Politeness is considering the other in a social interaction, and its predicted effect is more pleasant interaction. In general, politeness makes a society a nicer place to be, whether online or offline. It contributes to computing by:
- Increasing legitimate interactions.
- Reducing anti-social interactions.
- Increasing synergy.
- More software use.
Programmers can fake politeness, as people do in the physical world, but when people behave politely, cognitive dissonance theory finds that people feel polite (Festinger, 1957). So if programmers design for politeness, the overall effect will be positive even although some programmers may be faking it.
Over thousands of years, as physical society became “civilized”, it created more prosperity. Today, for the first time in human history, many countries are producing more food than their people can eat, as their obesity epidemics testify. The bloody history of humanity has been a social evolution from zero-sum (win-lose) interactions like war to non-zero-sum (win-win) interactions like trade (Wright, 2001), with productivity the prize. Scientific research illustrates this: scientists freely giving their hard–earned knowledge away seems foolish, but when a critical mass do it the results are astounding.
Social synergy is people in a community giving to each other to get more than is possible by selfish activity; e.g. Open Source Software (OSS) products like Linux now compete with commercial products like Office. The mathematics of synergy reflect its social interaction origin: competence gains increase linearly with group size but synergy gains increase geometrically, as they depend on the number of interactions. In the World Wide Web, we each only sow a small part of it but we reap from it the world’s knowledge. Without polite computing, however, synergy is not possible.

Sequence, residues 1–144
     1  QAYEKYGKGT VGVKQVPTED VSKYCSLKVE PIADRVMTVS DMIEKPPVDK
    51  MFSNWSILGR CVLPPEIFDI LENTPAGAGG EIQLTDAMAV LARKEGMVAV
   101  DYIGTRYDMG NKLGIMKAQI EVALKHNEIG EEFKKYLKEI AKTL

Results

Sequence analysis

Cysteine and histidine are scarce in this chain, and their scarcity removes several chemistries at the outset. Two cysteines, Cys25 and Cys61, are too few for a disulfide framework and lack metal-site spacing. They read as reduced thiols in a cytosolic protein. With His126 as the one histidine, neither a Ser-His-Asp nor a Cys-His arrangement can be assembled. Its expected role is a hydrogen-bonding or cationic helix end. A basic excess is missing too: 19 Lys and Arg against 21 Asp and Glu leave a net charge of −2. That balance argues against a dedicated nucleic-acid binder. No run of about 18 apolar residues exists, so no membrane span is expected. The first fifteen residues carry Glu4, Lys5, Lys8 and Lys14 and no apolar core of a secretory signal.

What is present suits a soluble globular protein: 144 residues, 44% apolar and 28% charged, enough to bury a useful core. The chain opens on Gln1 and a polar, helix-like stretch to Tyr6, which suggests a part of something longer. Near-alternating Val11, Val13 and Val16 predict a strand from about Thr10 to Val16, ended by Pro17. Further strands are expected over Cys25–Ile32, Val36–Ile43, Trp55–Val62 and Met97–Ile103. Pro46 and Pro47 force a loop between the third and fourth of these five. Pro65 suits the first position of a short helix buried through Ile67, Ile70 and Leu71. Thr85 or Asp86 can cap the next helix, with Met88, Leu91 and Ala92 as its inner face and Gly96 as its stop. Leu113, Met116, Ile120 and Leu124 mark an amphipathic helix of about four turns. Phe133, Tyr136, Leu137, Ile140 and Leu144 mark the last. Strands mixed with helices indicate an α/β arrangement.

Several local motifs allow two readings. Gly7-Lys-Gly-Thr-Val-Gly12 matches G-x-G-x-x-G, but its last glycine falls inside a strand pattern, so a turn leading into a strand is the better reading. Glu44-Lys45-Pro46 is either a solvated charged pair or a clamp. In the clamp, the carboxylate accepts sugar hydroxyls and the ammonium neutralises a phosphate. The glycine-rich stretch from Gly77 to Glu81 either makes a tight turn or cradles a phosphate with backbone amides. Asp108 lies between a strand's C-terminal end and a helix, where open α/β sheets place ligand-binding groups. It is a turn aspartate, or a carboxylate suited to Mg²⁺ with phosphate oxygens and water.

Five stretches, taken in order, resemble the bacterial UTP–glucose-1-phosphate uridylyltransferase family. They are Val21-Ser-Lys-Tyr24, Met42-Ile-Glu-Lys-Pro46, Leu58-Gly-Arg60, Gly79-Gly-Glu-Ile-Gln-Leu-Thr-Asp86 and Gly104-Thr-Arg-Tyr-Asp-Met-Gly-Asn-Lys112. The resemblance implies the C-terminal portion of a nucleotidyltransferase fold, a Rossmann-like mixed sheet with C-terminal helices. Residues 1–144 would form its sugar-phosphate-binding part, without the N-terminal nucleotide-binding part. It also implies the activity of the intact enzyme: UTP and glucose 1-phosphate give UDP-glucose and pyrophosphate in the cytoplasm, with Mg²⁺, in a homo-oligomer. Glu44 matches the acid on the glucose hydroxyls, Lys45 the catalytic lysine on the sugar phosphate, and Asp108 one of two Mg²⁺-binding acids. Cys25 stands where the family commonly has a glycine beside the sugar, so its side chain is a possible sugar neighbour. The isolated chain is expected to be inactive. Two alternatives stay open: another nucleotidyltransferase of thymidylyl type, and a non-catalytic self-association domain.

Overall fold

A study of reactions to a computerized Chinese word-guessing game found that when the software apologized after a wrong answer by saying “We are sorry that the clues were not helpful to you,” the game was rated more enjoyable than when the computer simply said “This is not correct” (Tzeng, 2004). In general, politeness improves online social interactions and so increases them. Politeness is what makes a social environment a nice place to be. Businesses who wonder why more people don’t shop online should ask whether the World Wide Web is a place people want to be? If it is full of spam, spyware, viruses, hackers, pop-ups, nagware, identity theft, scams, spoofs, offensive pornography and worms then it will be a place to avoid. As software becomes more polite, people will participate with it more and avoid it less.